Imagine you talking to your friend in a pub over a pint - then this stranger interjects and criticises what you and your friend are saying. He would be on a one way ticket to a punch in the face.
But online - it seems its OK to do this.



posted on Jun, 5 2012 @ 12:08 PM
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'1. Facebook’s privacy problem:
Apparently, Facebook is not holding up its part of the bargain where users privacy rights are upheld. The new “frictionless sharing” is scary. When you leave or log out of Facebook, your browser still tracks you, and the pages you visit, which goes back as data to Facebook.

Hacker and entrepreneur, Nik Cubrilovic comments, “Even if you are logged out, Facebook still knows & can track every page you visit. The only solution is to delete every Facebook cookie in your browser, or to use a separate browser for Facebook interactions.”

But logically, who knows about this, and who is going to delete every cookie and clear cache every time you visit Facebook? This is a pretty scary issue.

However, Facebook engineer Arturo Bejar explains, “I am a Facebook engineer that works on these systems and I wanted to say that the logged out cookies are used for safety and protection including: identifying spammers and phishers, detecting when somebody unauthorized is trying to access your account”.

Well, that is a relief, I think.'

article courtsey of www.sexysocialmedia.com...

quite an issue when they are in the process of attempting to monetise the system. now there is big money at stake and truckloads of lawyers, will it ever be a clean break for anyone wishing to bail-out. will all past embedded data of would-be leavers be scrutinised for potential revenue generation? i guess time will tell.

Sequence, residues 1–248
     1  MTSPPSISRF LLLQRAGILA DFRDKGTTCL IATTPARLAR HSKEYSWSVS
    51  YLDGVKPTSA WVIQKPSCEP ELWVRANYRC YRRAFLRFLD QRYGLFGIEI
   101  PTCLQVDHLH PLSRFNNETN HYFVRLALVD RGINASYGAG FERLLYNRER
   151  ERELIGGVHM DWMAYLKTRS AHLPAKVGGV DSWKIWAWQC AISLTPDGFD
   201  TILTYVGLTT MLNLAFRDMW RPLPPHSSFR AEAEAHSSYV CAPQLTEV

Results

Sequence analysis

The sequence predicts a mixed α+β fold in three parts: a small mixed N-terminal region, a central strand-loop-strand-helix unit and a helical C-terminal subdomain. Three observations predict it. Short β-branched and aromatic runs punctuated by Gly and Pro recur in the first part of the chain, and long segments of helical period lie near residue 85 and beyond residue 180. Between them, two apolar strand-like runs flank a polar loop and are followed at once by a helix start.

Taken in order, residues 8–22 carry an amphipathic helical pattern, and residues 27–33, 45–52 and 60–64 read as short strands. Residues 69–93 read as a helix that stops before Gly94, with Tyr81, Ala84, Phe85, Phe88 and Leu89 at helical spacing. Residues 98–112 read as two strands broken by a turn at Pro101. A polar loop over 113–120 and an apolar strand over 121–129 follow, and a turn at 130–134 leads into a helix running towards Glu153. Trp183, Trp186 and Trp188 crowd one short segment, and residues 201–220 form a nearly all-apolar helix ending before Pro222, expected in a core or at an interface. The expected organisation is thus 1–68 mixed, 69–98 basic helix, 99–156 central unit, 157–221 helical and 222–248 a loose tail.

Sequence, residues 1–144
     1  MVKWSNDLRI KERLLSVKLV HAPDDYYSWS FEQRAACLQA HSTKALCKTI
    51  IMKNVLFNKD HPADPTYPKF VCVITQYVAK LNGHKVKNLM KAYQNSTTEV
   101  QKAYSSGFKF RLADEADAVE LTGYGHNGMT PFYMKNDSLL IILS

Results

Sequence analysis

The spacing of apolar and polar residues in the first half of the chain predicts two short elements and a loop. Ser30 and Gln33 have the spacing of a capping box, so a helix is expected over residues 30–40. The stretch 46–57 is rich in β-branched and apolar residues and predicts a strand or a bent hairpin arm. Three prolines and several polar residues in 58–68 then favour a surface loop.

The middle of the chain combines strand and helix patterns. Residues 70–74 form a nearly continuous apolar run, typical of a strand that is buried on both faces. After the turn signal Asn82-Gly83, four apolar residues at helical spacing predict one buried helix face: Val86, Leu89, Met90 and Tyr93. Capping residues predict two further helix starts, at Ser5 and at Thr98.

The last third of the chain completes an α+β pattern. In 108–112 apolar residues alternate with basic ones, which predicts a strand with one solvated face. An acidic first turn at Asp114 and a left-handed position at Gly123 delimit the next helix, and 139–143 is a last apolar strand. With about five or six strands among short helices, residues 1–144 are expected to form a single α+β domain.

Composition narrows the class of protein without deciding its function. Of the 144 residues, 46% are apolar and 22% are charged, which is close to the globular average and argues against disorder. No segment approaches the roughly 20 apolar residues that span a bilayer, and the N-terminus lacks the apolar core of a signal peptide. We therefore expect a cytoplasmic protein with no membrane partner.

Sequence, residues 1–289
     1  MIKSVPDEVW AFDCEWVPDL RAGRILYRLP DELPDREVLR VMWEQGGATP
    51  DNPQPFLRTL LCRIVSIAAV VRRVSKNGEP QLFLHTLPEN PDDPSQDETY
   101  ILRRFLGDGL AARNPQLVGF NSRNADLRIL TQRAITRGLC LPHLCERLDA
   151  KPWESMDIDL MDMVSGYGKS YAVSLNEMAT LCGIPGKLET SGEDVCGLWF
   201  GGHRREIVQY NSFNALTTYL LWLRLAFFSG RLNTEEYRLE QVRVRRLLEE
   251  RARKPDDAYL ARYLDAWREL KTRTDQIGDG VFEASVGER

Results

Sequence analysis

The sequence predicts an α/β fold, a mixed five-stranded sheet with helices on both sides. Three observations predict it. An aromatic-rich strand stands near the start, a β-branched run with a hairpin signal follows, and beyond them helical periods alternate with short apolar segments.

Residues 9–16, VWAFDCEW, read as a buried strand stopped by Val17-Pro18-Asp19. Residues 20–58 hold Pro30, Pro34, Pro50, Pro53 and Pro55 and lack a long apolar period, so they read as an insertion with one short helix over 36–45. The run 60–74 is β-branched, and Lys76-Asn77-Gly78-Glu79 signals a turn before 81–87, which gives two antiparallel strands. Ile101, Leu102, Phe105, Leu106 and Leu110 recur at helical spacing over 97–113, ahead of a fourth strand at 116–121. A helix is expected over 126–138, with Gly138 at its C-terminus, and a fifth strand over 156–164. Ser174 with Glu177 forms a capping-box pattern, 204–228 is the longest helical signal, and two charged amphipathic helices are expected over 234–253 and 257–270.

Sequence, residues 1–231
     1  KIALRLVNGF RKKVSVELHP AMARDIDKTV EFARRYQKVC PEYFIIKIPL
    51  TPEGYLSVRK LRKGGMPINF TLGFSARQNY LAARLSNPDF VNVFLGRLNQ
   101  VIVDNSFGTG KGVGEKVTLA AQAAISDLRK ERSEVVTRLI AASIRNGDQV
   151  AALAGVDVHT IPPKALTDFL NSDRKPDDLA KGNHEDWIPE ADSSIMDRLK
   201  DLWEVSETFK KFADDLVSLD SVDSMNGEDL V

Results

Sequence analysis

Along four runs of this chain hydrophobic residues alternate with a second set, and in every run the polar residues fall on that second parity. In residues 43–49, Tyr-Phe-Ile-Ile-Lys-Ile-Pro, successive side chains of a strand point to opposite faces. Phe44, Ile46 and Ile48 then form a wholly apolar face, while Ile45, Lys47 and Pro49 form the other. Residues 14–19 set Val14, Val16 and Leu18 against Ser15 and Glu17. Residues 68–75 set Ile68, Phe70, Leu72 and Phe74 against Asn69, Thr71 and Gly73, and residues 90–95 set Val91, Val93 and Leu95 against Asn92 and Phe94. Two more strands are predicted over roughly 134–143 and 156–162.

Users have filed a $15 billion lawsuit against the company alleging that the social media provider is taking advantage of users’ privacy. Are all of these lawsuits a sign of more bad news to come for the social media giant?

courtsey of www.creditreport.org...

f.

edit on 5-6-2012 by fakedirt because: fakebook



posted on Jun, 5 2012 @ 12:57 PM
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reply to post by fakedirt
 


Quite worrying - are they able to track online purchases, banking, emails?
Who knows what these people have managed to procure that is, quite simply, nothing to do with them
How they are able to get away with doing this is beyond me - its creepy.
If they want to track what someone clicks on within the facebook page - fair game.
Not outside of that. Unacceptable.



posted on Jun, 5 2012 @ 02:14 PM
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reply to post by facchino
 


two suits from a large company here in the uk attempted to persuade me in joining their system of targetted advertising similar to the 'frictionless' system mentioned above. i kept my mouth shut whilst they pitched the concept. eventually i informed them i knew of this system and it's ability to track everything on an individuals computer once the embedded script is in place. i also informed them it was open to abuse and thats when the silence descended, both suits looking at each other in what i could only describe as a golden moment.
i said no to the corporate trojan and sent them packing, cheeky gets!

this i think is a large grey area that is/has been taken advantage of. not everyone clears their cache and cookies every time they surf so they have imo focused on non-techno geek surfers. next step i suppose is the making of money from the data. specific targetted advertising where no two individuals see the same advert on the same webpage for starters. after that,who knows what lengths they will stretch to for revenue other than mass auctioning of data to third parties.

i don't think we are at the stage of too much worry just yet. consider a possibility that fb lobbyists could petition governments to legislate and write into law that an account is mandatory to access services and information. if this happens you will know some of the monies they gleaned on the questionable ipo was utilised to embed the system into possibly every walk of life. we shall see.

examples.
need a passport? fb account required
pay a utility bill? fb account required
register a birth/death? fb account required
etc etc etc..
f.

btw be careful what you sign up for. always read the smalls and ask yourself are there alternatives?